Thursday, 17 September 2009

Mango in the Seventies


.
Sydney has Hair playing in Kings Cross and Victoria is in a Mango prohibition.
Its the The Seventies.
We liked to ban stuff in those days. The Little Red School Book, 6 Skyhooks tracks off one album, Khe San, pantsuits to work, Frank Hardy’s Power without glory. Tie me Kangaroo Down Sport was banned from the ABC and I kid you not Mangoes were banned in Victoria in the seventies. So when you made the pilgrimage to Sydney to see Tully and Keith Glass in Hair [statute of limitations] it was expected that you smuggled back a case of ripe mangoes in the boot. A recipe from OZ magazine [also banned] notes that the preferred way to eat mangoes in the seventies is in the bath with a couple of very close friends

5 comments:

BwcaBrownie said...

That's a lovely photo of Mr Floyd.
Bon Vivant.

The Establishment still existed in the 70's and it was On The Run, banning things in fear.

With the smuggled mangos, what happened at the fruit-fly inspection point ?

Thermomixer said...

Yeah, and in the 70's I had hair, long beautiful hair, shoulder length or longer... that's now nearly as hard to believe as a mango ban!

It is amazing how common it was to jump in the car and travel miles without thinking about it, while now, with vastly improved roads and vehicles, we don't just hit the road. Need to get down to SB soon.

Ann oDyne said...

I went to Sydney to see keith Glass in HAIR too.
Half of Melbourne did.
Here's the Tully story.
I saw them play Paddo Town Hall once, with an Ellis D Fogg lightshow.

Bon appetit!

Sunnybrae and all who sail in her said...

Sorry Steve Pressed the wrong button and deleted the post below.


steve has left a new comment on your post "Secret Artichoke Business":

Hi George-xlnt post as per usual. I worked for a greek family in Adelaide who regularly foraged for wild artichokes in the hills. The patriarch of the family would come into the kitchen with a bag full of 'em, his fingers calloused & torn from the effort. I was schooled in a dish that I still love to theis day. Aginaros e Khukia(forgive the spelling please Mr Colombaris)It was a simple dish og broad beans & artichokes flavored with garlic(of course) Olive oil, salt & mint. Embellished with a squeeze of lemon, some crumbled fetta & you have got yourself a GO dish- I love them so much. Why is it I gravitate toward the more 'prickly' & 'hard to get to know' fruit & vege?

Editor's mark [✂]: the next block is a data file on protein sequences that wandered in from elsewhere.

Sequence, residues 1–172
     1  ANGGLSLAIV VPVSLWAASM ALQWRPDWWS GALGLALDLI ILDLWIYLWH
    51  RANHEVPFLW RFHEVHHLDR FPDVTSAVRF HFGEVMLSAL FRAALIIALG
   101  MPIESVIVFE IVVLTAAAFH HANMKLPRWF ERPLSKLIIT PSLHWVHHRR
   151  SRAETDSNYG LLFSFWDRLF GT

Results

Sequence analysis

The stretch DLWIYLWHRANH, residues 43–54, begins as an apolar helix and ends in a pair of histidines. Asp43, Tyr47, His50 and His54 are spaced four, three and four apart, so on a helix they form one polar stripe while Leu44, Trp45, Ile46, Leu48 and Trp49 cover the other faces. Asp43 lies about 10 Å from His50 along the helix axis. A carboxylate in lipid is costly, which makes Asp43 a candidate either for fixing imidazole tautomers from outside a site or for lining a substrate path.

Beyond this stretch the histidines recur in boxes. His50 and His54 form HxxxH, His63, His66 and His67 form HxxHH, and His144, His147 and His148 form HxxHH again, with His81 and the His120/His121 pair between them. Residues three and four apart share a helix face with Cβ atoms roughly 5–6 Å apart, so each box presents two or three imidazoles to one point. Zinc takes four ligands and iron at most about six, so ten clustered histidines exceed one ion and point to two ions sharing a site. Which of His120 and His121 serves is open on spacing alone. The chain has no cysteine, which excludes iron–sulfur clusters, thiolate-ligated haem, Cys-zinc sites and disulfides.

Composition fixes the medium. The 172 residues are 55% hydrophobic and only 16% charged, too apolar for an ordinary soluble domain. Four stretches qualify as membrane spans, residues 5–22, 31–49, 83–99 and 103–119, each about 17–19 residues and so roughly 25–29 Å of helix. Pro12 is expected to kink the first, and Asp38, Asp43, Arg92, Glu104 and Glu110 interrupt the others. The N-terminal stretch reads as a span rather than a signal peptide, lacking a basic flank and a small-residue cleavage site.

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Posted by steve to Sunnybrae Restaurant and Cooking School at 28 September 2009 9:13 PM

Cardoons [I think thats what the wild? artichokes are] grow more vigorously and are part of a culture of foraging for food when we are hungry. Not many of us
[bloggers that is] know what real hunger is. We here compost turnip tops, beet leaves, lots of cabbage bits, much of what we discard to compost is fine nourishing food.
But many restaurants also love to use simple weeds as peasant dishes that make us feel rustic, often at very high prices. Margaret Visser explained why we go for the hard to get in a keynote address at the Symposium of gastronomy in Geelong about 18 years ago. The balance between the neophilliac and the neophobiac in all of us.
Also the foraging urge is strong and loves to find a wild free reward.
I get a giggle when high profile rechrche places feature the less than tasty forms of some wild weeds
and get away with it.

Thermomixer said...

Somehow the artichokes and mongoes have become intermingled, but that won't stop me.

It would be great for the landholders along the Calder if the foraging chefs decided to put cardoons (artichoke thistles) on the menu, and explain where they got them.

Like Steve - broad beans with artichokes is a favourite dish. The ex had the dish in Crete and bought a cookbook with the recipe. It is divine - can't wait for my bbs to produce a decent crop.

Not sure about the economics of chefs and staff from restaurants foraging. If nonno and nonna have nothing else to do, Ok Or, if patrons wish to provide some foraged produce (and also patronise the establishment - good point Steve) then that's fair.

Mushrooms, blackberries, weeds - any frebies - love em